Captain Cook Birthplace Museum
Captain Cook Birthplace Museum

In 1728 James Cook was born in the village of Marton, North Yorkshire (now part of Redcar and Cleveland). The cottage where Cook was born is long gone; it was destroyed during the construction of Marton Lodge in the late 18th century. The lodge, in turn, was destroyed in 1793.

The site is now part of Stewart Park, a large public park formed from the grounds of Marton Hall, a Victorian mansion built by a wealthy Middlesbrough ironmaster named Henry Bolckow in 1858.

The cottage site is marked by a memorial in the form of a granite urn, and a stone's throw away is a museum dedicated to this extraordinary navigator, seafarer, cartographer, and explorer.

The birthplace memorial
The birthplace memorial

The pink granite urn is inscribed with these words:

'This granite urn was erected by H.W.F. Bolkow of Marton Hall A.D. 1852 to mark the site of the cottage in which Captain James Cook the world circumnavigator was born Oct 27th 1728'.

The Captain Cook Birthplace Museum was opened on 28 October 1978 to mark the 250th anniversary of Cook's birth.

As for Marton Hall, it burned to the ground in 1960 while it was being demolished. The only remnant of the Hall is an Italianate stone loggia just outside the museum.

The museum is divided into six themed galleries that together create a rough timeline of Cook's voyages.

This loggia is all that remains of Marton Hall
This loggia is all that remains of Marton Hall

Cook's Early Years

The first museum gallery is a recreation of the Cook family home where James Cook was born. Displays illustrate daily life in the Age of Enlightenment through interactive exhibits and historical artefacts.

Cook's Early Career

See a short film highlighting James Cook's early life in Great Ayton, Staithes, and Whitby, where he trained as a seaman before joining the Royal Navy. Learn about Cook's early voyages to Canada where he first learned about mapmaking and surveying.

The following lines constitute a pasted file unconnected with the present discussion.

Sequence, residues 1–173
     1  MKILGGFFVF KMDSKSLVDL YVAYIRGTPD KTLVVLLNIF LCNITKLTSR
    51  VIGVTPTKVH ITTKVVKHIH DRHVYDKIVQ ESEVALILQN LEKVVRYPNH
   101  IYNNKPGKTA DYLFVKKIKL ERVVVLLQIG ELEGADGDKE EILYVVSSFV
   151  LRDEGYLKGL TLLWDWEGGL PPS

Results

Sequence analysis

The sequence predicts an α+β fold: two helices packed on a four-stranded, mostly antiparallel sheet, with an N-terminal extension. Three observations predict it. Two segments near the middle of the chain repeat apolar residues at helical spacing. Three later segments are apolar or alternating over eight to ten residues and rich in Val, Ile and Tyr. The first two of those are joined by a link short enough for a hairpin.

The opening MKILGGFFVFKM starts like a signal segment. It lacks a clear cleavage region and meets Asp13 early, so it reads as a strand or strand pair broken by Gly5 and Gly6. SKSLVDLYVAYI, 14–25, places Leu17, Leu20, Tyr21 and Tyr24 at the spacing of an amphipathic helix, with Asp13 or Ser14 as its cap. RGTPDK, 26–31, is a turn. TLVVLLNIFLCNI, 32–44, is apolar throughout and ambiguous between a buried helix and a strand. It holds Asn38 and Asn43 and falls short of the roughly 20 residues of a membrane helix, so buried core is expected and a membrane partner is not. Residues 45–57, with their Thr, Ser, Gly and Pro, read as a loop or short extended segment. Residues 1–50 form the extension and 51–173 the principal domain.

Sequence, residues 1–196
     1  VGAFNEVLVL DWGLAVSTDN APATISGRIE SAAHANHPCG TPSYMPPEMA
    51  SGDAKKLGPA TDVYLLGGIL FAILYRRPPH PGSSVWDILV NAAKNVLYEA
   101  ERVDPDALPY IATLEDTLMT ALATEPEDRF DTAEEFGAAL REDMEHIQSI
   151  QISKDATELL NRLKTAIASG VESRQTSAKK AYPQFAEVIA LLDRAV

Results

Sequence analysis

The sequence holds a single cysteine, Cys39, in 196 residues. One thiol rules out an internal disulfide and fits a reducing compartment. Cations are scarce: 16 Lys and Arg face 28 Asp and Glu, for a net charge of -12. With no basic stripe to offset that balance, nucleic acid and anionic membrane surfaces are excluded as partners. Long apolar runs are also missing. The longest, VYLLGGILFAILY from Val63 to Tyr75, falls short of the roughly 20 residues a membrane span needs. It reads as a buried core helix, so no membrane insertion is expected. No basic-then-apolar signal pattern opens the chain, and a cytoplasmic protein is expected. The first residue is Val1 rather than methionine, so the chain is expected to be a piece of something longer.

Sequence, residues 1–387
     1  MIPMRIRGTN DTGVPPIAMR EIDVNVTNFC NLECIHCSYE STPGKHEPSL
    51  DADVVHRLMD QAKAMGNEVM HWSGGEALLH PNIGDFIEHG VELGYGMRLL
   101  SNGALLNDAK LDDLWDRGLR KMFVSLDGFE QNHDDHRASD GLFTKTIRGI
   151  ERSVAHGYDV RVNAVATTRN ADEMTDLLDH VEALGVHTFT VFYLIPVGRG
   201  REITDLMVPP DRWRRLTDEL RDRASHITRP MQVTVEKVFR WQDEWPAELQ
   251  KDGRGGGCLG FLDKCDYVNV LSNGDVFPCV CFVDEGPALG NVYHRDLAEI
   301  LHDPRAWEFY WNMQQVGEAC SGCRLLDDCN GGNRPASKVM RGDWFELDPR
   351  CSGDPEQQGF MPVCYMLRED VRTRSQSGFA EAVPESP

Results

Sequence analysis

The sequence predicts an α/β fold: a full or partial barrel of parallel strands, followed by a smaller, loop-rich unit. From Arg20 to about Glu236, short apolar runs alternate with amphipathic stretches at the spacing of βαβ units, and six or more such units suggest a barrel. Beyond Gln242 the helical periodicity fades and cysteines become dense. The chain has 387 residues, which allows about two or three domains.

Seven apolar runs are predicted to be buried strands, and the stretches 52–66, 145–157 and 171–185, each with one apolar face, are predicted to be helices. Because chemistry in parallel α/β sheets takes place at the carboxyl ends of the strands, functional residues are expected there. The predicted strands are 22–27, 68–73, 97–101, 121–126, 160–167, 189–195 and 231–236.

Life Aboard Ship

This gallery shows what life was like for the officers and crew of Cook's ships, including the HMS Endeavour. Learn about what sailors ate and how they spent their time. Among the displays in this gallery are Cook family heirlooms and 18th-century naval artefacts.

Shells collected by Sir Joseph Banks on the HMS Endeavour
Shells collected by Sir Joseph Banks on the HMS Endeavour

Sid Scurvy's Ship

Learn more about the life of a sailor in this interactive gallery. follow the mythical 'Sid Scurvy' on a voyage of discovery. Interactive displays showcase Cook's ships and the new lands he found on his travels.

The Science of the Voyages

As its name suggests, this gallery looks at the scientific part of Cook's voyages, with plant and animal illustrations and samples recorded by the famous naturalist Joseph Banks and the artists William Hodges and John Webber.

See original items brought back from the antipodes and information panels describing the important scientific discoveries made by Banks and the other scientists who sailed with Cook.

The Ethnography of the Voyages

This fascinating gallery looks at the indigenous peoples encountered by Cook on his voyages through the Pacific. See original artefacts brought back by Cook, including aboriginal weapons, tools, ornaments, and clothing. One interesting feature of this gallery is a film showing what modern Pacific islanders think of Cook and his legacy.

Most of the Aboriginal artefacts were given to the museum by the Aboriginal Arts Board of Australia.

Tufted puffin watercolour by William Ellis
Tufted puffin watercolour by William Ellis

Aside from these themed galleries, you can explore the Cabinet of Curiosities Room, which houses the largest collection of items related to Captain Cook outside of national museums, including books, maps, and prints.

Another exhibit showcases commemorative items celebrating Captain Cook, including coins, pottery, medallions, and badges made from 1780 to the present day.

Getting There

The museum stands in the centre of Stewart Park, reached off the B1380 (Ladgate Lane). Use the main visitor car park and follow the pedestrian signs. It will take at least five minutes to reach the museum from the car park and the final section of the path is uphill.

More Photos

About Captain Cook Birthplace Museum
Address: Stewart Park, Marton-in-Cleveland, Cleveland, England, TS7 8AT
Attraction Type: Museum
Location: In the centre of Stewart Park, off the B1380 (Ladgate Lane). use the main visitor car park and follow pedestrian signs for the museum.
Website: Captain Cook Birthplace Museum
Location map
OS: NZ517161
Photo Credit: David Ross and Britain Express


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